Twelve by Shira Lipkin

We saw him tip the wineglass,
Spill the drugged draught into his shoe.
We are not so stupid as they’d have you believe.

The rustle of silk and velvet, chime of jewels
The soft leather of new dancing slippers
A secret smile, a secret door.

Silver trees glistening in unnatural light,
In the silence beneath the earth.
Behind us, he breaks off a branch and thinks we do not hear.

The avenue of gold, its light warming our passage;
The leaves are sharp. They cut his hand.
We smell his coppery life and smile.

Leaves of diamonds reflect light, silly cloak or no.
We laugh as he gapes at our wonders,
Our voices like the tinkling of the leaves he steals.

He weighs down the coracle. He is a big man.
The youngest of us complains prettily.
Men like to think they know more than us.

And finally, the banquet-hall! Twelve princes underground!
No room for you, soldier, sneak-thief.
We are taken, all of us, in every sense. Watch.

The music is dizzying; we lose ourselves in dance.
Spinning across the cold marble floor
Exchanging partners; we share.

There is nothing for us in the world above.
Not when there is this: the princes. The dance.
The trees of silver and gold and diamond.

Between dances, the feasting. Sweets and fruits.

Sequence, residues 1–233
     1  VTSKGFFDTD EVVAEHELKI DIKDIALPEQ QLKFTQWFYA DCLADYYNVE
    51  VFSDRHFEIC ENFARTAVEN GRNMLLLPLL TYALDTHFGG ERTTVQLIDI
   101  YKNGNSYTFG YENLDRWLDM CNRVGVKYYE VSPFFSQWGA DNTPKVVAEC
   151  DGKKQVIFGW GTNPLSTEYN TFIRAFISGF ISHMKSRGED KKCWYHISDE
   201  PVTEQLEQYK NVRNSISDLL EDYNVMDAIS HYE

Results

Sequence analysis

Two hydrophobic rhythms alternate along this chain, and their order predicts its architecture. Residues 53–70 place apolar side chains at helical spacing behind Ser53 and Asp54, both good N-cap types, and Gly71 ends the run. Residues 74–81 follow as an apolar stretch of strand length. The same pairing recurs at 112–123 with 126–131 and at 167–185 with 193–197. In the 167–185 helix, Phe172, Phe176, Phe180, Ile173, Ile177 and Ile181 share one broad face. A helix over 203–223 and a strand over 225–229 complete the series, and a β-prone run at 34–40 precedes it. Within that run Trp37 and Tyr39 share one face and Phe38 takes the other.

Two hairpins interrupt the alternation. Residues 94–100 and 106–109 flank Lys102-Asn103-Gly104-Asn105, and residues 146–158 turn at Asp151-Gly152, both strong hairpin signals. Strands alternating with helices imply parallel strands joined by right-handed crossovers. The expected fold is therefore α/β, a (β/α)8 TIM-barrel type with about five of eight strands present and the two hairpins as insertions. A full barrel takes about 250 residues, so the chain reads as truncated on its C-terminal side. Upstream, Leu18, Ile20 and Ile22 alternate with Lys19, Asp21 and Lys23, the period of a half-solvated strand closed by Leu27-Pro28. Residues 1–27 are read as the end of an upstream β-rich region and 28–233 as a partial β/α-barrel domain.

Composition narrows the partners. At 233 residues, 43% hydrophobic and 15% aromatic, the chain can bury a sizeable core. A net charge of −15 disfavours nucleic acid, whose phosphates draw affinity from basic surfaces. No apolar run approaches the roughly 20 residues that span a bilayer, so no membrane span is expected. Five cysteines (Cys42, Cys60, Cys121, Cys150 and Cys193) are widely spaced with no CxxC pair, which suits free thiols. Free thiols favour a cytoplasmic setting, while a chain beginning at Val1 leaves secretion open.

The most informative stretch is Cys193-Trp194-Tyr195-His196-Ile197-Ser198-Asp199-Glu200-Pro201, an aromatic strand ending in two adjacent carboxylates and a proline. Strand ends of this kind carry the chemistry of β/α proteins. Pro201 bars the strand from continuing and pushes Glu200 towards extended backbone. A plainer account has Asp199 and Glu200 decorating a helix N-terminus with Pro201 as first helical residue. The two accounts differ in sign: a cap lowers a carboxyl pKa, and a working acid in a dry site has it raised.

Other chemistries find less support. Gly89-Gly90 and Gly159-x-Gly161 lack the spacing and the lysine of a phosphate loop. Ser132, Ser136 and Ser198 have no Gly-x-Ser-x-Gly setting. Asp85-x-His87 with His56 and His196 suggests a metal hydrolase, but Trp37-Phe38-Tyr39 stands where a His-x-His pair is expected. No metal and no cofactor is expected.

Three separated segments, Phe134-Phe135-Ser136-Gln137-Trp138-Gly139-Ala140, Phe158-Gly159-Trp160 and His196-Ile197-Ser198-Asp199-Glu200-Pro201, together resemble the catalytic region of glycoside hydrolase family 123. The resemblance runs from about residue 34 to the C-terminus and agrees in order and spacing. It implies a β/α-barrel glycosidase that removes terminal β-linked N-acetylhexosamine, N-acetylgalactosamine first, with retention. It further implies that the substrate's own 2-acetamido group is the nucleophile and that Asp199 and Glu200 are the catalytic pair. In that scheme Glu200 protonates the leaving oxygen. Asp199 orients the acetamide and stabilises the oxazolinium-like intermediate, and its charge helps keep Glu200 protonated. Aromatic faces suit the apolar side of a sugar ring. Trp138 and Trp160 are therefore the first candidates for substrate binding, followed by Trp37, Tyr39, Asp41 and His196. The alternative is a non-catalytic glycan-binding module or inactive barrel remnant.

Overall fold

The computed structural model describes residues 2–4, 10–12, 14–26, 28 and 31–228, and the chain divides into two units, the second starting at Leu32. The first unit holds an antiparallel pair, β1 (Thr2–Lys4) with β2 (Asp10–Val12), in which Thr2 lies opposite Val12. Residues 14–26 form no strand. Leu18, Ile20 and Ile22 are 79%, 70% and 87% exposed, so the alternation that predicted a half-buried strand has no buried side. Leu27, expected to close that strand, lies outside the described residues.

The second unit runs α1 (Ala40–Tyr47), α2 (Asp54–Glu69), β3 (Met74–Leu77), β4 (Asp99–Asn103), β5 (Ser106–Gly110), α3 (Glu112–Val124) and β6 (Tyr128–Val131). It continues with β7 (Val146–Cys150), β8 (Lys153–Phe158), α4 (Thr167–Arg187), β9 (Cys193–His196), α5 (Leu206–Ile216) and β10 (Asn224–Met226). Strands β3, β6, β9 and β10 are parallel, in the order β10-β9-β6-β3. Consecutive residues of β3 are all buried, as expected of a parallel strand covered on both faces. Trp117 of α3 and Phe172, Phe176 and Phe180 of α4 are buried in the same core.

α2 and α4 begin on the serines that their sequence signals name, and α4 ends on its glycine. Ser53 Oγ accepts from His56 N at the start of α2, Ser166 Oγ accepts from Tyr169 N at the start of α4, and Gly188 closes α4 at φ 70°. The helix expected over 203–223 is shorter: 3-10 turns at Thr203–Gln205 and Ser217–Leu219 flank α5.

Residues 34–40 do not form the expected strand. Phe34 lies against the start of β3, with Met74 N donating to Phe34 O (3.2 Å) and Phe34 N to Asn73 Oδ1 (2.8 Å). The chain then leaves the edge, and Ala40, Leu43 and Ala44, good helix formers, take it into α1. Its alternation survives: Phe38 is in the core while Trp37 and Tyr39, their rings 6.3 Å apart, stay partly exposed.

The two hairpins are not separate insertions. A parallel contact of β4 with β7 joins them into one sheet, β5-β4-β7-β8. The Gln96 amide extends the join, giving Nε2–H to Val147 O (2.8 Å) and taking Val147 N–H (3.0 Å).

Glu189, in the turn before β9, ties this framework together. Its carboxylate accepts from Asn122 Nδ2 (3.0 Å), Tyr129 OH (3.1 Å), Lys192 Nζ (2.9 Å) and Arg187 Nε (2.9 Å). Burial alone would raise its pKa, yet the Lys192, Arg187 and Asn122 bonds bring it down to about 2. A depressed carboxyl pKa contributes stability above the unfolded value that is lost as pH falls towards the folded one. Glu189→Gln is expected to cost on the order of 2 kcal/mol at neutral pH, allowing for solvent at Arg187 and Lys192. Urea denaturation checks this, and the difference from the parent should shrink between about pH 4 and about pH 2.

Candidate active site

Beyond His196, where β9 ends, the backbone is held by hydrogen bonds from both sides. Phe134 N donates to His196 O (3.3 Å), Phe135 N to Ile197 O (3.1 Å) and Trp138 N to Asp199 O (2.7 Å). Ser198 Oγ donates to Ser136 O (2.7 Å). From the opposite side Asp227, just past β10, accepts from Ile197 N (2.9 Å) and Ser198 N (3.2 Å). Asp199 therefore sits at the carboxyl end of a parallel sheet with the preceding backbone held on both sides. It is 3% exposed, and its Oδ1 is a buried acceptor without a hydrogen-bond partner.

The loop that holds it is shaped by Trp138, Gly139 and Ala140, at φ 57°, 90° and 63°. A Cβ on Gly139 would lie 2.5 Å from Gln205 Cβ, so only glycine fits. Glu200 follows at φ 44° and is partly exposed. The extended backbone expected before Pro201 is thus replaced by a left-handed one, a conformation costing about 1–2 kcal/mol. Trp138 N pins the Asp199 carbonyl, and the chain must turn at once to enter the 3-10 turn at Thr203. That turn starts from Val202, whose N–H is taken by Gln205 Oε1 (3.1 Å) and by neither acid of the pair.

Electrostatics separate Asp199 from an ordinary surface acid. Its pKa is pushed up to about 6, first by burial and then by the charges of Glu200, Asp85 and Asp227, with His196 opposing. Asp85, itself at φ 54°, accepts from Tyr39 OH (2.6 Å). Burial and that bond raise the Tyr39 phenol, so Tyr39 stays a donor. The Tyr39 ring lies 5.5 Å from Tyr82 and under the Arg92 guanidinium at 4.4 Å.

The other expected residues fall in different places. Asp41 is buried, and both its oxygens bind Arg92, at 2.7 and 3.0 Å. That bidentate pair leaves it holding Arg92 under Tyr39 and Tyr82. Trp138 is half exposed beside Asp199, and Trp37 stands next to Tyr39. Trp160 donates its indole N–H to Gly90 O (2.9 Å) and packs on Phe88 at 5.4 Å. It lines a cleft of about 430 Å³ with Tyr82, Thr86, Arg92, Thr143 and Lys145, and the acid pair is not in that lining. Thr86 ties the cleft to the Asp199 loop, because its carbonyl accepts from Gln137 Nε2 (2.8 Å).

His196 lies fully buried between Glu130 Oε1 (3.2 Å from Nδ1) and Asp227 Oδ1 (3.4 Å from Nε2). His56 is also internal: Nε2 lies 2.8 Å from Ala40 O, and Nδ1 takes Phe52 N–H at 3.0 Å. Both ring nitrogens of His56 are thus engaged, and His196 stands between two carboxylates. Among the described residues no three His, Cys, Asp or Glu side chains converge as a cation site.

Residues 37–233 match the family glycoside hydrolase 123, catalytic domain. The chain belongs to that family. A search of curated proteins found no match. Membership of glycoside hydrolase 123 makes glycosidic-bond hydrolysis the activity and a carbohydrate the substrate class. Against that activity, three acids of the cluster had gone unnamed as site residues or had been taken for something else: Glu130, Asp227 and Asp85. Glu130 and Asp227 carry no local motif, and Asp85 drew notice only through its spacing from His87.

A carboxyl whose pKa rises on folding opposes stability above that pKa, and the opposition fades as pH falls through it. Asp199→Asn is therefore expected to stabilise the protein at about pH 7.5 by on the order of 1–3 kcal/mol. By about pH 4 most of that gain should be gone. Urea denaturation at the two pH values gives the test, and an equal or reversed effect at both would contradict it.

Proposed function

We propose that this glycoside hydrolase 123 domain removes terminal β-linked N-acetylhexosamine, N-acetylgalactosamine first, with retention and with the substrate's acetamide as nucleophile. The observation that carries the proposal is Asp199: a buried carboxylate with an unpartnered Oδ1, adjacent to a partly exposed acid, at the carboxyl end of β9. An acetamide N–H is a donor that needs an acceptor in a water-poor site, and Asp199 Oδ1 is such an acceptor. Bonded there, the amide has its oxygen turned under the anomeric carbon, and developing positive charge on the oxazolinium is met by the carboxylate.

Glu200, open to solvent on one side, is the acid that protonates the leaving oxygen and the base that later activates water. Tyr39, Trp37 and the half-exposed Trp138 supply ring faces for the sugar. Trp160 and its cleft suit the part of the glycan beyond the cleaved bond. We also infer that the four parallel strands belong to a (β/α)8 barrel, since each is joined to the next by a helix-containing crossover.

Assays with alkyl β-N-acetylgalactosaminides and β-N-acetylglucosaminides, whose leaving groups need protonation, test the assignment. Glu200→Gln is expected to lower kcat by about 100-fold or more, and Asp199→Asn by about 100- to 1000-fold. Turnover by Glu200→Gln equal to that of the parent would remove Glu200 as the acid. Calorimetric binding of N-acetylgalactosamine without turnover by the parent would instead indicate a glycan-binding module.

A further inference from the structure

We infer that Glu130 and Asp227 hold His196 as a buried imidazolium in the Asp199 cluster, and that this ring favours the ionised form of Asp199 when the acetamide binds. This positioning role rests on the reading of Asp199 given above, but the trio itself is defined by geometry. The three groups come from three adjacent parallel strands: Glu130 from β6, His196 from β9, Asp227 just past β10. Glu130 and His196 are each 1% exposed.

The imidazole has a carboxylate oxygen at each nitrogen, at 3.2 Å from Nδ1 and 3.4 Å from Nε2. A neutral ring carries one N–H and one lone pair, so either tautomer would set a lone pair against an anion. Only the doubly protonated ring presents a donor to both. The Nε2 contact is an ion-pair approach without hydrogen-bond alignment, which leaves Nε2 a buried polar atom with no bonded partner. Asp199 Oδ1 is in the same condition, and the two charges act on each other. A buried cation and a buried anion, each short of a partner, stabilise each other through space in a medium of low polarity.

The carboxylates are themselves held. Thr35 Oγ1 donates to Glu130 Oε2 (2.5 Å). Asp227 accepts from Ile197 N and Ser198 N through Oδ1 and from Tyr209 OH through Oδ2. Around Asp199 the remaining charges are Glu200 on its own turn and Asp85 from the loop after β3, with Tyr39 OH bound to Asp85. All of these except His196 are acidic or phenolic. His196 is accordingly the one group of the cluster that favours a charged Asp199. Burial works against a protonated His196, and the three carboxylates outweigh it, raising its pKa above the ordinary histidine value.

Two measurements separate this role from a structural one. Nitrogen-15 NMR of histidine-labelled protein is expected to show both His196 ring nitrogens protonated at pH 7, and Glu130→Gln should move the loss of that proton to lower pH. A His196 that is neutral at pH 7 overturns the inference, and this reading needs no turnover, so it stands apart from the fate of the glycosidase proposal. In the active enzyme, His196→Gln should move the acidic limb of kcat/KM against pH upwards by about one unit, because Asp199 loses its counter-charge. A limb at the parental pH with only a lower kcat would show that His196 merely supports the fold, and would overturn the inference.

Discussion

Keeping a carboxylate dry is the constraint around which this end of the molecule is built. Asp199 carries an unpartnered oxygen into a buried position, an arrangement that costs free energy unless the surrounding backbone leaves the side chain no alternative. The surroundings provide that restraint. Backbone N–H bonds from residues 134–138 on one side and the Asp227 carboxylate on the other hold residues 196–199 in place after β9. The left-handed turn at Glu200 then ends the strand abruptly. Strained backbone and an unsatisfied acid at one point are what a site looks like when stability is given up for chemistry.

They watch us eat, avidly as they watch us dance
Pomegranate seeds between our teeth, fresh and sharp.

This is the twelfth night, the end of a spell.
He is shocked when we tear the cloak from him.
No return, we say. Never again to the world above.

The end of a spell; a new hunger, fresh and sharp.
We share. He was a big man.
There is plenty of meat for all.

Shira Lipkin lives in Boston with her husband, daughter, and three cats, most of whom also write. She is also often in charge of a tribe of morbid myth-slinging Girl Scouts who frequently give her cause to consider the bloodthirsty roots of fairy tales and folklore. She has fiction and poetry in current or forthcoming issues of ChiZine, Electric Velocipede, Polu Texni, and Lone Star Stories. You can track her movements at

Image: Twelve Dancing Princesses, Kay Nielson